PROBA-V Level-1 Data

PROBA-V Collection 2 Level 1C data  are radiometrically corrected segments, not projected, Top-Of-Atmosphere reflectance values. The data have their native spatial resolution.

Level-1C Data access

Level-1C algorithm and data

The two main processing steps to obtain the Level-1C products are:

Geometric processing

Using the Level 1A raw and uncompressed data, a geolocation step is performed for each satellite position to determine the latitude and longitude of the observed pixel. The satellite position and velocity are interpolated for each scan line using an orbital propagation model. The geolocation accuracy is refined using the geometric Instrument Calibration Parameters (ICP) file . The ICP file contains the variation in detector viewing direction relative to the time out of eclipse and the Sun beta angle. The geometric processing model additionally calculates the viewing and solar zenith angles (VZA and SZA, respectively), which are required for further processing. The output of the geometric processing is the Level-1B data. The user is referred to Products User Manual for further details on the geometric processing model. See also the Absolute Location Error and the Inter-band Geolocation Accuracy plots.

Radiometric processing

The radiometric processing converts the digital number count at a certain spectral band (DN) into physical TOA reflectance values. First, the DN number is corrected for detector nonlinearities, dark currents, and inter-pixel non-uniformities. Second, these numbers are converted to at-sensor radiance L [W m-2 µm -1 sr-1 ], using the band-specific calibration coefficients derived from the radiometric ICP file. Finally, the TOA radiance L at a given spectral band is converted into TOA band reflectance using:

RTOA = (p x d2 x L) / (Eo x cos(qs))

With RTOA the obtained TOA reflectance value [-], d the Earth – Sun distance [AU], Eo the mean exo-atmospheric irradiance at the specific spectral band [W m-2 µm-1 ], with values from Thuillier et al. (2003), and ϑs the solar zenith angle [degrees]. The output of the radiometric processing are the Level 1C data.

Level-1C Quality assurance

For Level 1C files, the quality is indicated by the Q Dataset, which is located in the LEVEL 1C STRIP Group (see Products User Manual Section 6.1 for more details). The pixel quality for the Level 1C data is decoded as 8-bit unsigned integers, the values and their meaning are given in the Products User Manual.

A Quality Webpage is available and provides information on the Quality Assessment and the various methods applied to maintain PROBA-V’s data quality at the highest possible level, from the raw satellite observations through the value-added products available at the PROBA-V Data Portal.

Dataset specifications

Digital Object Identifier (DOI) 
European Space Agency, 2023, PROBA-V Level-1C Data, Collection 2,

Spatial coverage: 75°N, 56°S, 180°W, 180°E 
Temporal coverage: 2013-10-16 – 2020-06-30 
Mission status: Complete
Orbit type: Sun-synchronous
Data Citation
European Space Agency, 2023, PROBA-V Level-1C Data, Collection 2,

Our Applications and Help

Toggle all items


For years, global food security has been at the forefront as one of the most pressing development targets. According to the FAO, food production around the world has to grow by more than 70% if we want to achieve food for all in 2050. Both public and private organizations bear a huge responsibility to raise food production in a sustainable way. Remote Sensing and especially satellite missions delivering daily global observations, like PROBA-V, are crucial to monitor the status of crops worldwide and predict yields.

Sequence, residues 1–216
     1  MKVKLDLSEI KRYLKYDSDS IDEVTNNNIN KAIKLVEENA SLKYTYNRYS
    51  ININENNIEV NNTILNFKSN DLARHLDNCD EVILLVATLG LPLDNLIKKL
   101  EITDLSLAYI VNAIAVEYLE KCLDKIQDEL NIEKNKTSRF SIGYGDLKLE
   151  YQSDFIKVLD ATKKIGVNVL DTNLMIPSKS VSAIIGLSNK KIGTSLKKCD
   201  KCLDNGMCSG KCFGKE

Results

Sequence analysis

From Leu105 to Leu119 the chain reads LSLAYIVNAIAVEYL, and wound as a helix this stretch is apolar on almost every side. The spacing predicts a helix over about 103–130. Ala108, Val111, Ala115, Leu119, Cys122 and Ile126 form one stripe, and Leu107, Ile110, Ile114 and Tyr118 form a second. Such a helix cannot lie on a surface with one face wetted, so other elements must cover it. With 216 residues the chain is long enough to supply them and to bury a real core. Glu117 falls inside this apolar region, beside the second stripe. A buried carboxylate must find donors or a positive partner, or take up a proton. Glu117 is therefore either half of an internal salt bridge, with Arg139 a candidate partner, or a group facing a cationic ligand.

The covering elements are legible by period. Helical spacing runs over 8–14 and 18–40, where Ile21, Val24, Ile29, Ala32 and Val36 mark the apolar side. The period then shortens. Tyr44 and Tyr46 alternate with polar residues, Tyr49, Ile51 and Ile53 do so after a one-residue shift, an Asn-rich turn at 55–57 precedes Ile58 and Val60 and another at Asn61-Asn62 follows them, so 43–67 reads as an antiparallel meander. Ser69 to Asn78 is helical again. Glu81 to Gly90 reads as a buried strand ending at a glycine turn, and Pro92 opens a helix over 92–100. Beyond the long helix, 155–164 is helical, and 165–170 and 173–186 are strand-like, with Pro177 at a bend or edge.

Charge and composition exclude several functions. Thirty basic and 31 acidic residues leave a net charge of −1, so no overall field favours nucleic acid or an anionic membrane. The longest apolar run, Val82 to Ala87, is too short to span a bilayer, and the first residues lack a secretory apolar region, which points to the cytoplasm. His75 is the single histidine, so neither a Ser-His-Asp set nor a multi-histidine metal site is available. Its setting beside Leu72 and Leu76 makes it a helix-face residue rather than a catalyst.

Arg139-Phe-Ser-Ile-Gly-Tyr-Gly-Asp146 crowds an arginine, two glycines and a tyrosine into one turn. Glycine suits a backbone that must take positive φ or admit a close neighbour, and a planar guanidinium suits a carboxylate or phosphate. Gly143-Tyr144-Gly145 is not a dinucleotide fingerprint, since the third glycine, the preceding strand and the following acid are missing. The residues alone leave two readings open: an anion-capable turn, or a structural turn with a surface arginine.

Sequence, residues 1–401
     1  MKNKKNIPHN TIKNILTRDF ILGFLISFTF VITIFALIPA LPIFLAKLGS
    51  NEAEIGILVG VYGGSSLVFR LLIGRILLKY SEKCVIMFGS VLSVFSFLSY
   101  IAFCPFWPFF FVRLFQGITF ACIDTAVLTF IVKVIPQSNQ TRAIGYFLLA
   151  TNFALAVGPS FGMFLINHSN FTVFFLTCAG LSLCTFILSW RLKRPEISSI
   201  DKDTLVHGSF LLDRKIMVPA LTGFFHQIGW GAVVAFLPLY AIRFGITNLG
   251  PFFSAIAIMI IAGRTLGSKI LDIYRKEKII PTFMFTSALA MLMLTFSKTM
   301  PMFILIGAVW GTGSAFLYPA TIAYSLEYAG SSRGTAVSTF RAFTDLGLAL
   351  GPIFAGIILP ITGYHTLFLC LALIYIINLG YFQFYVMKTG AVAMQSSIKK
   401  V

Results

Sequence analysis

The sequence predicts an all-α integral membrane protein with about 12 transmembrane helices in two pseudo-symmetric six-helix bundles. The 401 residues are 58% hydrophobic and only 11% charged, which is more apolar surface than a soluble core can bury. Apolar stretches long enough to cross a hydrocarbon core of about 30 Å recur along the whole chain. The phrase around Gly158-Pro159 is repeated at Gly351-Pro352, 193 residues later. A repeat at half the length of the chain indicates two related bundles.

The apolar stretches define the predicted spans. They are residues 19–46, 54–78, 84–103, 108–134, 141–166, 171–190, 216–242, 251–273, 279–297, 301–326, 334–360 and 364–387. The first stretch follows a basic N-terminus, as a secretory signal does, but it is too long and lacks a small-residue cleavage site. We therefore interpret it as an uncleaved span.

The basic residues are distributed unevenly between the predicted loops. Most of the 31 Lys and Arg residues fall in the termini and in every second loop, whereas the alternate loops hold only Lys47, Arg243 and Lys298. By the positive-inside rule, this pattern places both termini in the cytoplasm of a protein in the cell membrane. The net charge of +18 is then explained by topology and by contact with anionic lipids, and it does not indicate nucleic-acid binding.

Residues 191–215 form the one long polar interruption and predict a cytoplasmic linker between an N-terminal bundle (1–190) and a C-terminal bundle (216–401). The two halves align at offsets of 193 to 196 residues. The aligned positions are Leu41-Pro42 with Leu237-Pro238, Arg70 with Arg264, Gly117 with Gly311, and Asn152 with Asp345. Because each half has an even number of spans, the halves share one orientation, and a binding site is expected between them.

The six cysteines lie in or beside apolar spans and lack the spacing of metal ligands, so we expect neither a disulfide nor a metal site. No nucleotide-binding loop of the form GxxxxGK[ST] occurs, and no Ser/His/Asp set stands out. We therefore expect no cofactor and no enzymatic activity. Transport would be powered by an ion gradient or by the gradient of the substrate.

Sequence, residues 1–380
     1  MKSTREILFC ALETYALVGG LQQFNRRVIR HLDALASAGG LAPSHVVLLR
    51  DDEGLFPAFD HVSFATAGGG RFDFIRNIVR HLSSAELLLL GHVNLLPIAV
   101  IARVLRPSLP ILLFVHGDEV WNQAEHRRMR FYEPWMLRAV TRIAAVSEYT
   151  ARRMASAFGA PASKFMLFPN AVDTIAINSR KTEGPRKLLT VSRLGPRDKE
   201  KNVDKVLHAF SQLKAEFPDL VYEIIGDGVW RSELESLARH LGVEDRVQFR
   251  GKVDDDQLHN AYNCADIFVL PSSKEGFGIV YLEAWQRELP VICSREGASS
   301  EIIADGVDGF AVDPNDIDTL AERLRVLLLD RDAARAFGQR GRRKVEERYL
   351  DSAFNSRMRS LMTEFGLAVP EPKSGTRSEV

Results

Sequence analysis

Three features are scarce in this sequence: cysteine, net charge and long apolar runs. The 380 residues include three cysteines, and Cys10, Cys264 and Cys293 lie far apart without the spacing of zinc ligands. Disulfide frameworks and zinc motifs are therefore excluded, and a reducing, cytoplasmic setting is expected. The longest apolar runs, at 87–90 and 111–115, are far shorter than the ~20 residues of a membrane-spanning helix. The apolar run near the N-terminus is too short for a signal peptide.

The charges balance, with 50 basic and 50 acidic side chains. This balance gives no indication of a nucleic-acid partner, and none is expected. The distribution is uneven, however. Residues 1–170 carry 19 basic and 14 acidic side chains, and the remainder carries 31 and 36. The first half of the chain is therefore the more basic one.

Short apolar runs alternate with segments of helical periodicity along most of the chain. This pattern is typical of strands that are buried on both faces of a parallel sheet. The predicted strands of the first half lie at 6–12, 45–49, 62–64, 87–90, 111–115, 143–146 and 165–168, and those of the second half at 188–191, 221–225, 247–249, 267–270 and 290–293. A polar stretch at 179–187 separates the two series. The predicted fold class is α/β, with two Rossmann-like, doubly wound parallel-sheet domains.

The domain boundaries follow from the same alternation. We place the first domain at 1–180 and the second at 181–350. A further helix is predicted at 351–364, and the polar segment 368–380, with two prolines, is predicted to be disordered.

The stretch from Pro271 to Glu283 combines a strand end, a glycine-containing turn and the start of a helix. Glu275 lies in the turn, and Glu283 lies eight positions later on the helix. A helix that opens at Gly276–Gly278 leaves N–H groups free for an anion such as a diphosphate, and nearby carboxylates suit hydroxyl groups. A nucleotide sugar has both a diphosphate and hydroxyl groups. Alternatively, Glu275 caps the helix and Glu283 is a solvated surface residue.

Land Use / Land Cover

Land is an essential natural resource - for humanity and all terrestrial ecosystems. But while resources are strictly finite, human demands are not. Today, this leads to events such as deforestation, soil degradation and the loss of wildlife. PROBA-V, the small satellite for global observations, helps monitor and map the extent and dynamics of land cover and land use.


Global daily satellite observations are indispensable to monitor the driving forces of climate change, arguably the largest and most challenging problem our society is facing. Additionally, remote sensing serves to monitor the effects of climate change, e.g. changes in land cover and land use. Hereto PROBA-V satellite imagery with low spatial resolution but delivering daily global coverage is invaluable.


Although PROBA-V is designed as a land mission, the good image quality provides opportunities to extend its applications to coastal waters.  By applying a dedicated atmospheric correction above water  we can derive information on the turbidity of the water and the suspended sediment concentration. Combining these turbidity and suspended sediment products from PROBA-V with products from other typical Ocean Colour sensors allows for better monitoring of turbidity in dynamic near shore areas and it increases the chance to detect short term events in particular for areas with rapid changing cloud cover.

Toggle all items


Collection 2 Products User Manual

Deprecated Collection 1 Products User Manual

Contact Scientific Helpdesk

the SNAP PROBA-V Toolbox

consists of a rich set of visualisation, analysis and processing tools for the exploitation of the VEGETATION instrument. As a multi-mission remote sensing toolbox, it also supports the Sentinel missions, Envisat (MERIS & AATSR), ERS (ATSR), SMOS as well as third party data from MODIS (Aqua and Terra), Landsat (TM), ALOS (AVNIR & PRISM) and others. The various tools can be run from an intuitive desktop application or via a command-line interface. A rich application programming interface allows for development of plugins using Java or Python.